• Overall quality of life, as graded by survey respondents, has dropped from 2019 from a B+ to a B, and of the report’s 12 key issue areas, nine have seen a grade change from 2019. The most drastic of these falls under “Getting Started,” which looks at how our community fares in offering opportunities to newcomers and young people. From 2019’s B- grade, this year it fell to D+, tying with Housing as the lowest-graded area.
  • Asked to identify the most important issues facing our region, survey respondents picked Homelessness as the No. 3 priority, behind Cost of Living and Housing. In 2019 Homelessness was identified as only the eighth most important issue.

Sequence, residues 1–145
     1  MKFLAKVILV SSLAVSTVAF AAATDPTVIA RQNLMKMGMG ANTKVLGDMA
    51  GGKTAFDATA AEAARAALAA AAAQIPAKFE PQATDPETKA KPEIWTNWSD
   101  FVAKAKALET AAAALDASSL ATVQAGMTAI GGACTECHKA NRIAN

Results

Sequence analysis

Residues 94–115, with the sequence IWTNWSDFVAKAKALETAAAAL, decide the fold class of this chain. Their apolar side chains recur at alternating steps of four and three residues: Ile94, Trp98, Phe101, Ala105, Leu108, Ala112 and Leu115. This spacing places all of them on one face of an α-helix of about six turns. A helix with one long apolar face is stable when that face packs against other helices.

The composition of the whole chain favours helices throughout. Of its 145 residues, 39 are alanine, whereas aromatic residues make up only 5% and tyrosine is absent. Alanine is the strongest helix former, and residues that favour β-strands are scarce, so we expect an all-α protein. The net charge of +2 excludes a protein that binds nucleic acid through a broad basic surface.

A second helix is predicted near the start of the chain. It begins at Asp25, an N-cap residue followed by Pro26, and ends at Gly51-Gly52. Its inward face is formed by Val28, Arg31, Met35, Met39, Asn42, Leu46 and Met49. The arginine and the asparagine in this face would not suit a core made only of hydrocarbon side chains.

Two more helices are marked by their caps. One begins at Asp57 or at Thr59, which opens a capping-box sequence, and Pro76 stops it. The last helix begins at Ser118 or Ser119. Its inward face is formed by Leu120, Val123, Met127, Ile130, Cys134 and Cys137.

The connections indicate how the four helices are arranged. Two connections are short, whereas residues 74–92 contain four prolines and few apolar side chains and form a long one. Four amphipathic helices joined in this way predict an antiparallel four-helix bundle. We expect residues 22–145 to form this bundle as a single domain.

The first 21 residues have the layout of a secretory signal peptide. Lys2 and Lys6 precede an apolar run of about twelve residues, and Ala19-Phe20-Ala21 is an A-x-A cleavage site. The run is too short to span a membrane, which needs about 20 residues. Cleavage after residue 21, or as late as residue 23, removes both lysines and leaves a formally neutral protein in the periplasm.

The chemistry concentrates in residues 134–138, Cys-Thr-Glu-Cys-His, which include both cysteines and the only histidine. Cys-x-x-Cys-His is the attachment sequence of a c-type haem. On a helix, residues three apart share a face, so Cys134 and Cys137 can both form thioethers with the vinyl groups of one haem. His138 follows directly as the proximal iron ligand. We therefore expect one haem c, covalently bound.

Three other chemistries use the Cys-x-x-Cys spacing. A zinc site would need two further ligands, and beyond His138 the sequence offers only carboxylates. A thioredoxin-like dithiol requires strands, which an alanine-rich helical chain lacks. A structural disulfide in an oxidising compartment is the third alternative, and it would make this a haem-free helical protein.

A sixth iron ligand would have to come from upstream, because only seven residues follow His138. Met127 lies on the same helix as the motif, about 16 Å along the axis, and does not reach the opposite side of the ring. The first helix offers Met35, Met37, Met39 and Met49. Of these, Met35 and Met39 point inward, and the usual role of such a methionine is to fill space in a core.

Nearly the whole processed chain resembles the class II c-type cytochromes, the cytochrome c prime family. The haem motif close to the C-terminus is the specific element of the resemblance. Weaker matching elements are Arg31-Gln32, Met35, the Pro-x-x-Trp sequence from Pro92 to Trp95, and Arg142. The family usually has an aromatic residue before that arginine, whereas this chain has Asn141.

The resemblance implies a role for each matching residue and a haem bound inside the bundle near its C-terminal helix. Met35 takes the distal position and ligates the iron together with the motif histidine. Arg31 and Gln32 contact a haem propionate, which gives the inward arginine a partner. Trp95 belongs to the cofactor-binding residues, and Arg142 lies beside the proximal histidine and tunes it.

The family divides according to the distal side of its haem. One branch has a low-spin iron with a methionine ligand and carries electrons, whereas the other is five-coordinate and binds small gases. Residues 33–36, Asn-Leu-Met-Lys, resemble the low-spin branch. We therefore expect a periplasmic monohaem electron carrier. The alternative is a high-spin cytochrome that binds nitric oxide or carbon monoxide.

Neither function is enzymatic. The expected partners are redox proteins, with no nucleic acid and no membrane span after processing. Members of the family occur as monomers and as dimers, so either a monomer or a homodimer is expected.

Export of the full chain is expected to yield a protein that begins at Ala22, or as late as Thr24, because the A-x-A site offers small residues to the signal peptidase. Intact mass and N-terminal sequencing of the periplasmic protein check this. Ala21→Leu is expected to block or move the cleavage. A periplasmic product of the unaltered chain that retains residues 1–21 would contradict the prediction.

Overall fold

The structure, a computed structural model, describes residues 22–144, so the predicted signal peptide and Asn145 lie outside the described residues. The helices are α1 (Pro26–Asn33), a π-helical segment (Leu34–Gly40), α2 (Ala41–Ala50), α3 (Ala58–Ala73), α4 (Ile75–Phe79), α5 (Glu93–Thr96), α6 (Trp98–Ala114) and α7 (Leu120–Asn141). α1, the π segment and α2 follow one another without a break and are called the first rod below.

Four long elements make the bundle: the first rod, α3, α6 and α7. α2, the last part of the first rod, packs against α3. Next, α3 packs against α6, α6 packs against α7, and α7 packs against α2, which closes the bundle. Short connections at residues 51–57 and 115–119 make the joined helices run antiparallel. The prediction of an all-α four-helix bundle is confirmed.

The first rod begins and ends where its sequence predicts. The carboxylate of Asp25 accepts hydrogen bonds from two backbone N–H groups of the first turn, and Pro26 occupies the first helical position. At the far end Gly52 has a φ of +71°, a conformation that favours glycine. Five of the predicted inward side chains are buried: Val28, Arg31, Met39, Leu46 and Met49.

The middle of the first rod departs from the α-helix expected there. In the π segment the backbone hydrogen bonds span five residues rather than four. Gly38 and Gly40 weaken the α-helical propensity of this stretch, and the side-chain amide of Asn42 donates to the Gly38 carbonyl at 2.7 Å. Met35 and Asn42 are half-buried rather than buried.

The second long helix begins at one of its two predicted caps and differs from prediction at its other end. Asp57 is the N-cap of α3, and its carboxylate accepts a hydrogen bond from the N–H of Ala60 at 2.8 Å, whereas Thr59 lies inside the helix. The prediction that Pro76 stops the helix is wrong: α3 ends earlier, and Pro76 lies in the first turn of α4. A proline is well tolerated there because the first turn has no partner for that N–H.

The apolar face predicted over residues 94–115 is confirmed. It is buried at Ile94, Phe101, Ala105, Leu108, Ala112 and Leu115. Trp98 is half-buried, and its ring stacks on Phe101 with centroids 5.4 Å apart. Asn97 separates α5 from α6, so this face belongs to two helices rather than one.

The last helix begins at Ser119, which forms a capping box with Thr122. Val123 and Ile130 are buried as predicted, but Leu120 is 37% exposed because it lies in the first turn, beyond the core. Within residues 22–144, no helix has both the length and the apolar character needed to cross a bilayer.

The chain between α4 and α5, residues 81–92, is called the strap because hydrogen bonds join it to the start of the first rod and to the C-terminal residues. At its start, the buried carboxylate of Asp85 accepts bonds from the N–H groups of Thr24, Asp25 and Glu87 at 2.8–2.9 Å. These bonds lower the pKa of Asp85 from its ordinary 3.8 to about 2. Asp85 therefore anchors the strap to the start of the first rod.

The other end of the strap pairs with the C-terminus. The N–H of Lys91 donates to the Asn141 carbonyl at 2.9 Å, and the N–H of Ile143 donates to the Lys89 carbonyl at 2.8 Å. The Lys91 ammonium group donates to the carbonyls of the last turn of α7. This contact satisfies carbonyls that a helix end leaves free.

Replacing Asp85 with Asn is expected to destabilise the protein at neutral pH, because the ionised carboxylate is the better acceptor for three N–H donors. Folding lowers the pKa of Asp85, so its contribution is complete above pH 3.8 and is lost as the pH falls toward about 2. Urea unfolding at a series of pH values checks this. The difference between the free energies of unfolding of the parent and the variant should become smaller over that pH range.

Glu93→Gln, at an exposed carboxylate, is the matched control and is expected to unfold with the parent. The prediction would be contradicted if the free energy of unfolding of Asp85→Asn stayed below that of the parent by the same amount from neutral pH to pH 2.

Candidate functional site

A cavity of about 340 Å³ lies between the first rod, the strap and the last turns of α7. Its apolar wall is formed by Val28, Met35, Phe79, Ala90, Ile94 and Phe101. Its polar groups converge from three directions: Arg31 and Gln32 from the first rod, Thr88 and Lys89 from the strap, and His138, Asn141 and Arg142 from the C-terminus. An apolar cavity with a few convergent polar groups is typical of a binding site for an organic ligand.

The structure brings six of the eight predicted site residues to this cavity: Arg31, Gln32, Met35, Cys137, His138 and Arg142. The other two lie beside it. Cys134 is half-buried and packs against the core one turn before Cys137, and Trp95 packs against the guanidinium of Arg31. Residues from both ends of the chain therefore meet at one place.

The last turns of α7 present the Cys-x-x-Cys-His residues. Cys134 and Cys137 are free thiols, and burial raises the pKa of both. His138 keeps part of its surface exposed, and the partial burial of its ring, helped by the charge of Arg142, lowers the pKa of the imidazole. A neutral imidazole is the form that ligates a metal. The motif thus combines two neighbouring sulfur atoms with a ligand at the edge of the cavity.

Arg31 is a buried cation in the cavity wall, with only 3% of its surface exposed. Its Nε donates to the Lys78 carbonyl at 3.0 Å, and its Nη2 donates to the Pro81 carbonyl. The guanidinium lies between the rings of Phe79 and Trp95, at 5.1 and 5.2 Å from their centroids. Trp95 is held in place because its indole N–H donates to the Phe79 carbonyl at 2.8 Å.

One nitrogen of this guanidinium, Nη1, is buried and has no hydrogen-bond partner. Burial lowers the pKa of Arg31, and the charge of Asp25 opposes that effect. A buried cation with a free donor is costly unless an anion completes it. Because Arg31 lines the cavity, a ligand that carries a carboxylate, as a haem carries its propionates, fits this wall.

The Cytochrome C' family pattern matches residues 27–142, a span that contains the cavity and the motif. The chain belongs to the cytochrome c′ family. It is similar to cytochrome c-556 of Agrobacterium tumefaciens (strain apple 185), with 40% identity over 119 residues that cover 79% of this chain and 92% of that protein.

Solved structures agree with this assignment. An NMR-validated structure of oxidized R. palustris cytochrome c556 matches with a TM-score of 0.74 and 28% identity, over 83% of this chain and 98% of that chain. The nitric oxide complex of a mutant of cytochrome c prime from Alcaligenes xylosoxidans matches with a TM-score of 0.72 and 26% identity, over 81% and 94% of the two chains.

• The three best things about Greater Victoria remain the same from 2019, with Natural Environment, Climate and Air Quality taking top spots.

Victoria’s Vital Signs report is available at various locations throughout the community, or view it online at victoriafoundation.ca.

***

Established in 1936, the Victoria Foundation is Canada’s second oldest community foundation, managing charitable gifts from donors whose generosity allows them to create permanent, income-earning funds. To date, the foundation has invested more than $225 million in people, projects and non-profit organizations that strengthen communities locally and throughout Canada.

Nearly 1,800 Capital Region residents completed the Vital Signs survey, whose results are combined with data and statistics to create a snapshot of how our region is faring both overall and in 12 key issue areas.